Investment in Quality Education Would Break the Poverty Chain: AfDB President

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Africa must invest in quality education in order to stop children from inheriting poverty from generation to generation, African Development Bank President Donald Kaberuka told leaders gathered in Kigali, Rwanda, on Tuesday, October 30, during the opening day of the seventh Africa Economic Conference.

“This is how you stop children from inheriting living conditions of debt, and once you do that you have stopped the transmission of poverty,” said Kaberuka, during the opening session that focused on a critical analysis of the drivers of growth in the face of global uncertainty.

Speaking under the conference theme “Inclusive and Sustainable Development in an Age of Economic Uncertainty”, Kaberuka emphasized that Africa should step outside of the box and question the parables of economic growth that will lead to economic transformation translating into the creation of jobs and other benefits.

“It’s possible to register growth in GDP even in double digits, record millions in exports, but have 60 per cent living under a dollar per day,” he said.

After 2009 global crisis, rich countries are still concentrating on their own immediate problems and there is less appetite for the multinational solutions, which Africa needs. In this context, Kaberuka underscored the need for long-term solutions. He suggested that Africa’s growth should include researching solutions on how African countries could internally finance their development, and learn from what has gone wrong globally to redesign their policies.

Helen Clark, the Administrator of United Nations Development Programme, said the conference provides a forum for dialogue around the ideas, evidence and policies available to advance inclusive and sustainable development in the uncertain times in which we live.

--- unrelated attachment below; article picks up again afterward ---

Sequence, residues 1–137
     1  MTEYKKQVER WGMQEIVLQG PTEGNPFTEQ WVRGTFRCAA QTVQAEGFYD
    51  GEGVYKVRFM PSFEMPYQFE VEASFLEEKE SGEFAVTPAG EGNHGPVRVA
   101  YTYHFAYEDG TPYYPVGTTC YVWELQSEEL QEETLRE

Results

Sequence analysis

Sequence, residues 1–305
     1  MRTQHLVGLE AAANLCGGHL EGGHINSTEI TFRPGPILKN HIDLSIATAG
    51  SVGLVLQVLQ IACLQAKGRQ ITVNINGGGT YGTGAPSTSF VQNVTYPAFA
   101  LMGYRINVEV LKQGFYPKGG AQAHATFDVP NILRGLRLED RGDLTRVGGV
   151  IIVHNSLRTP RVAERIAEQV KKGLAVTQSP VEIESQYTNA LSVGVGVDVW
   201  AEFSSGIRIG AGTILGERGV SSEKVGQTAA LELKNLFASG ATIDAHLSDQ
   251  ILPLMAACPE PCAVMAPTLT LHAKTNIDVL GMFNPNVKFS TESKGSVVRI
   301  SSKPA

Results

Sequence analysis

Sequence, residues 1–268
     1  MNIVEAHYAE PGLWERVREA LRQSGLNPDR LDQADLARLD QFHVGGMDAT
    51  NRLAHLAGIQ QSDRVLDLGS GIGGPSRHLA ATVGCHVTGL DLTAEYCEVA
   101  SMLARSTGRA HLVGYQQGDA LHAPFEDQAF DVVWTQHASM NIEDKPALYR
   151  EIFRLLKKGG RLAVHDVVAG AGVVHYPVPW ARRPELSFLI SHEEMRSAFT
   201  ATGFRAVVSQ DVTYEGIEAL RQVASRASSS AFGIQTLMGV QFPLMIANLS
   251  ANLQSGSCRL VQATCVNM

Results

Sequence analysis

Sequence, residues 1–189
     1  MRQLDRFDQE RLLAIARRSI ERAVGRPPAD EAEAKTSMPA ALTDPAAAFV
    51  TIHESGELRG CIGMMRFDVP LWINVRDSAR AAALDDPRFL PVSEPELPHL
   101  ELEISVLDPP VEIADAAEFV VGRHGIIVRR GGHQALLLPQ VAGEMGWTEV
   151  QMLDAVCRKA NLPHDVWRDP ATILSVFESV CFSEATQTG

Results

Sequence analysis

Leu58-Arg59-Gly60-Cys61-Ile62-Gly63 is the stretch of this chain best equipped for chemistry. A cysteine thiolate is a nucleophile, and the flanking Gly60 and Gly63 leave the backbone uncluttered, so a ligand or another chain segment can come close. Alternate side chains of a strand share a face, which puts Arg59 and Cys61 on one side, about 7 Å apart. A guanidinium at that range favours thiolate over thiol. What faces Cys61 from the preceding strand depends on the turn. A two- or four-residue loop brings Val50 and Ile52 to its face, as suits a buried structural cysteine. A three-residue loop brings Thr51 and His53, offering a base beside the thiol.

Africa, like all regions, is affected by the current sluggish global growth and by climatic extremes. Its poorest people are affected the most.

According to Clark, achieving inclusive and sustainable growth, which advances human development within the boundaries of our planet, is a huge challenge.

“Investing in youth potential and the skills needed to drive agriculture and the manufacturing, processing, services, and logistics sectors will reap huge benefits,” she said.

Human development should be at the forefront of Africa’s priorities, the speakers agreed. Experts stressed that the recovery from 2008-2009 remains feeble in the United States and other developed countries, with many countries in Europe being ravaged by a severe debt crisis.

After a strong rebound in 2010, the world economy slowed in 2011 owing to increased risks and uncertainties that are expected to remain through 2012 and beyond.

“In spite of this, the African continent has registered a decade of economic growth and there is optimism that the prospects are even better in the coming years,” said H.E Paul Kagame, President of the Republic of Rwanda, during the official opening.

After a decade of strong growth and improvements in poverty levels, an overarching challenge facing the continent is how to sustain and even accelerate progress in this era of economic uncertainty.

The African Economic Conference is an annual event co-organized by the African Development Bank, UNDP and the Economic Commission for Africa (ECA). The event runs from October 30 to November 2.